In addition to the medals, the club awarded sterling silver trophies to the top finishers. Additional trophies were given in ancillary contests sponsored by the club. These included a long drive contest, a putting contest, and handicap events. There were no plans for a women's event other than a ­putting contest that never came to fruition.

A 36-hole qualifier reduced the field to 32 for match play, and Lyon found himself in the tougher half of the draw. He encountered co-medalist and local favorite Stewart Stickney of St. Louis CC in the second round, and thanks to a course-record 77 in the morning, Lyon registered a shockingly easy 11-and-9 win. He then eliminated Lambert, 5 and 4, before grinding out a 1-up triumph over Francis Newton of Seattle, the Pacific champion.

Egan, meanwhile, reached the final by dispatching another St. Louis ace, Burt McKinnie, 4 and 3. But any notion Egan entertained of enjoying similar success in the final was dashed when Lyon, blasting prodigious drives, won four of the first five holes and made the turn 3 up. Egan whittled the deficit to one by the 18th, but the wet weather never abated and neither did pressure from Lyon. He continued to hammer away with his driver and kept his nerve on the greens despite standing water on many of them.

Healey best summed up the afternoon proceedings in his book. "In the second round Egan's game collapsed," he wrote. "The problem was his driving, which was surprising since he had won the driving contest."

Lyon had not arrived in time for the driving contest, so it was startling for onlookers to see him bashing the ball so effectively with his unorthodox swing. In trying to keep up with the older man, Egan lost his rhythm and began spraying his tee shots. He managed to keep it close, but he never led. His fate was all but sealed at the par-4 15th, the 33rd hole, when he hooked his tee shot into a lake. At the 34th Egan hit another wide tee shot and eventually made 6 to Lyon's 4, ending the affair.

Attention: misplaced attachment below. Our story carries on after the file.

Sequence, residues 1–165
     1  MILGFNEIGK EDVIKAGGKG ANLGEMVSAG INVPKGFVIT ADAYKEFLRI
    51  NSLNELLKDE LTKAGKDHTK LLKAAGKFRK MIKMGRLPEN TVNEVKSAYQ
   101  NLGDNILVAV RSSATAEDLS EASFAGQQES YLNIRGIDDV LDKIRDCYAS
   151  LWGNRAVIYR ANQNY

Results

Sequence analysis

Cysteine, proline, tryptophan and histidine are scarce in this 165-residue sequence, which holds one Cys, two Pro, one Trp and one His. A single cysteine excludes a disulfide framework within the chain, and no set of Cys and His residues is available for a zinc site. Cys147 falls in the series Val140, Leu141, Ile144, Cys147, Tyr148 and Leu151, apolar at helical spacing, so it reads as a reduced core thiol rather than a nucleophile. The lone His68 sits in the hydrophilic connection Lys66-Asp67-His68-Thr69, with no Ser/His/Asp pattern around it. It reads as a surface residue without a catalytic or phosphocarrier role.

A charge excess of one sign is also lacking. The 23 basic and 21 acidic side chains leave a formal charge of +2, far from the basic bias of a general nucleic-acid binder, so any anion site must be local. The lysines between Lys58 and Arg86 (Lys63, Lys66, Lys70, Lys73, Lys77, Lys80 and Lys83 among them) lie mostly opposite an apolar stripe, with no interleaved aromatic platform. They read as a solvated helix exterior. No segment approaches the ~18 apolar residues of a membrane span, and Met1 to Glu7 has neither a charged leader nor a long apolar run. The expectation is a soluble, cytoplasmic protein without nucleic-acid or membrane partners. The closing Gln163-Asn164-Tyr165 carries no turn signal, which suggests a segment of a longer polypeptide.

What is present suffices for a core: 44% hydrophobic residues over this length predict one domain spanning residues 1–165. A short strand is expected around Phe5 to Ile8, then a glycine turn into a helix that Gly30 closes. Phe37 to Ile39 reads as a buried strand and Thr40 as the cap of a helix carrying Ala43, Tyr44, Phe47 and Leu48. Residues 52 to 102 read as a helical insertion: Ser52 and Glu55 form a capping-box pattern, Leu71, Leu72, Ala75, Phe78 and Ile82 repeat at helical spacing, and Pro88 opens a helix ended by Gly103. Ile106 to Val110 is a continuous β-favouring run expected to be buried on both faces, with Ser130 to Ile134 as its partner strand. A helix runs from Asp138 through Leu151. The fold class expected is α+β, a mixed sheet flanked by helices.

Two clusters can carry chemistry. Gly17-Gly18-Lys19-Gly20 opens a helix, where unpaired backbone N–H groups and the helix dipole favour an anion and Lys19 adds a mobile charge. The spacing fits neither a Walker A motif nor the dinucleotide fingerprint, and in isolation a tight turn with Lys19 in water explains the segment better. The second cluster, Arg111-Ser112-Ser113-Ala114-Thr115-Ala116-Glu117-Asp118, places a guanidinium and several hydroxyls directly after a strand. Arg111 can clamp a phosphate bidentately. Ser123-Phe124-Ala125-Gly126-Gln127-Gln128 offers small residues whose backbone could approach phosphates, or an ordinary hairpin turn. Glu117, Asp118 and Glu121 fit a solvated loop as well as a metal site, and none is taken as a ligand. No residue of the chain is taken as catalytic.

According to Golf in Canada, Egan called Lyon "a man of remarkable physical endurance … one of the cleverest players I have met."

Lyon celebrated his victory by walking through the clubhouse dining room on his hands. But he had no illusions about his feat and waved off claims that he was "Champion of the World," conceding that the absence of European golfers made that a dubious title. "I am not foolish enough to think that I am the best player in the world," Lyon told the Toronto Star, "but I am satisfied that I am not the worst."

The Olympic golf movement expired at the 1908 Games for reasons not altogether clear. London was the host city, but according to several accounts, disagreements arose between the RA and the Olympic committee. British players withdrew, and eventually only Lyon remained. He was offered the gold medal by default, but declined.

Sadly, Lyon's 1904 gold medal has disappeared. A medal reissued by the IOC in 1997 hangs on a wall at Rosedale. His trophy is on display at the Canadian Golf Hall of Fame.

Visitors to Glen Echo can purchase a replica of the medal. Needless to say, the club is proud of its unique heritage and touts itself as the oldest Olympic venue in continuous use.

"This is an Olympic site, a very special place," Healey proclaims, though he hardly needs to. Waving in the breeze on a tall pole just outside Glen Echo's pro shop, below Old Glory, is an easily recognizable flag adorned with five colored rings on a white background. Yes, it's the Olympic flag, and there is not another golf course in America so decorated.